The Herkimer County lawsuit — Abele et al. v. Iberdrola et al. — will bring the noise issue into the legal arena where it can be properly adjudicated. But it’s not yet clear what the plaintiffs might get if they win, because the lawsuit doesn’t name a specific dollar amount in damages. Jeff DeFrancisco, one of the lawyers representing the plaintiffs, said that New York State doesn’t allow plaintiffs to put a dollar value on the damages.
Read the rest here:

  1. Tim Cullen says:

    The Green Disease epidemic continues to cut a swathe through the Western World:

    Already, we are seeing the dead hand of the water shortage agenda exert its malign force, as water companies forcibly introduce water meters, costing consumers up to £200 each, and paving the way for rationing by price, all to meet government targets of cutting water use from 148 to 130 litres per person per day by 2030.

    But what is fascinating from the current BBC report on the flooding in Gloucestershire is that it pictures the “Horsbere Brook Flood Storage Area” helps to protect more than 350 homes from flooding. For “storage area”, read “reservoir”. Additional capacity serves not only to deal with drought, but can be used to contain excesses, thus reducing local flooding.

  2. Zeke says:

    Tim Cullen says:
    November 28, 2012 at 4:07 pm “Already, we are seeing the dead hand of the water shortage agenda exert its malign force…”

    Yes, it appears that China is now very aggressively and effectively pushing for water “sustainability” controls and crop-yield reductions agreements from the European Union:

    “The FAO said agriculture and food systems consume 30 percent of the world’s energy, while crop and livestock sectors are responsible for 70 percent of all water withdrawals. In the future, however, farmers will have fewer water and energy resources, meaning they will have to produce more with less.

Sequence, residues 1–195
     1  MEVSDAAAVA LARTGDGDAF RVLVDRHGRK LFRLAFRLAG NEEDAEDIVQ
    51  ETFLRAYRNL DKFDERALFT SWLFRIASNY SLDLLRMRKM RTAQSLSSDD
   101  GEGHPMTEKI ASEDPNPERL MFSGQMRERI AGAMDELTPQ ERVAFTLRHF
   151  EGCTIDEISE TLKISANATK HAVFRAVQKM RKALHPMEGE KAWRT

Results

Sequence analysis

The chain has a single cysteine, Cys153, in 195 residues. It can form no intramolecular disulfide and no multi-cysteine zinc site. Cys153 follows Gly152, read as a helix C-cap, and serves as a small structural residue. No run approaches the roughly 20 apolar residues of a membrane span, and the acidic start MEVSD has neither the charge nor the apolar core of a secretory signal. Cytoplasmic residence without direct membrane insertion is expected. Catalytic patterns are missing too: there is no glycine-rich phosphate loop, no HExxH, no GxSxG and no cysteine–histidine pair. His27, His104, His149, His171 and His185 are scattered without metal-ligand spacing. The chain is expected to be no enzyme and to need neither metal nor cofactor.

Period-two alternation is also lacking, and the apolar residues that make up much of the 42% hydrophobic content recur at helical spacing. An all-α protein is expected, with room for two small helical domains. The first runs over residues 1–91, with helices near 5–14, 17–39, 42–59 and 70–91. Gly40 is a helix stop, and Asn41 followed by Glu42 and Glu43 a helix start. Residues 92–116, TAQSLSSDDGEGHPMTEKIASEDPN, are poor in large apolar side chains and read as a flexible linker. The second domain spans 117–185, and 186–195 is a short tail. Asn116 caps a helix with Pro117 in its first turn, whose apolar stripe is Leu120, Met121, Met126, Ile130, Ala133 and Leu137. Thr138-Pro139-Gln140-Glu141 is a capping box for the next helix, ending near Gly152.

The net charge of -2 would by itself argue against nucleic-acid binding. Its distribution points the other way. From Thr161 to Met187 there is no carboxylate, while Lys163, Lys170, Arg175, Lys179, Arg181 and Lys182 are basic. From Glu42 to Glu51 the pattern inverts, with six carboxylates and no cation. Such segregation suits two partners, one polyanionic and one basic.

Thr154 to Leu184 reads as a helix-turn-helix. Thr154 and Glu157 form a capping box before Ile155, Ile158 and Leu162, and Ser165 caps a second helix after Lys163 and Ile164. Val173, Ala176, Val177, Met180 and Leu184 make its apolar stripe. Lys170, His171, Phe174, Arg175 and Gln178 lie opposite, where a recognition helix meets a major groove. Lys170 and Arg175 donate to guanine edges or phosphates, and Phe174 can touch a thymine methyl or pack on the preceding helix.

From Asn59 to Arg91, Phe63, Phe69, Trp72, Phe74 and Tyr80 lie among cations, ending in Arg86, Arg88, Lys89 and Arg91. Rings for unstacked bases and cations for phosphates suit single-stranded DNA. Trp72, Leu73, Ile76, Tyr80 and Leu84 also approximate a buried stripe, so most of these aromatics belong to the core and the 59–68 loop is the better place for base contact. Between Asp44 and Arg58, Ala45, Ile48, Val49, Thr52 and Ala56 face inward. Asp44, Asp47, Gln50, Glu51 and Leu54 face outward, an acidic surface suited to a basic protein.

In response, the United Nations is advocating agricultural techniques that draw on “nature’s contribution to agricultural growth,” for example, soil organic matter, water flow regulation, pollination and natural predation of pests.

    The FAO report calls for a reduction in the massive amounts of waste in traditional agriculture and urges the introduction of “improved crop varieties that are resilient to climate change and use nutrients, water and external inputs more efficiently.””

    Is this really concern about environmental risk? Or is this economic espionage, an “assisted” suicide policy from Beijing to weaken the West?

  3. Tim Cullen says:

    Zeke says: November 28, 2012 at 7:01 pm
    Is this really concern about environmental risk?

    The problems arrive when we are stopped from managing the environment:

    Prohibited clearing of undergrowth -> burnt people and property, forest fires…
    Prohibited reservoirs -> flooding and droughts
    Prohibited CO2 emissions -> winter deaths, fuel poverty and excess fuel costs…
    Prohibited landfill and tipping -> fly-tipping, inefficient recycling and excess costs…
    Prohibited power stations -> useless windmills, excess costs and power shortages…
    Prohibited light bulbs -> mercury pollution and poisoning, poor lighting and accidents
    Prohibited environmental uses -> excessive controls, bureaucracy, poor transportation
    Prohibited environmental impacts -> bad investments, poor planning and shortages.
    Prohibited thinking: corruption of science, education, media, government…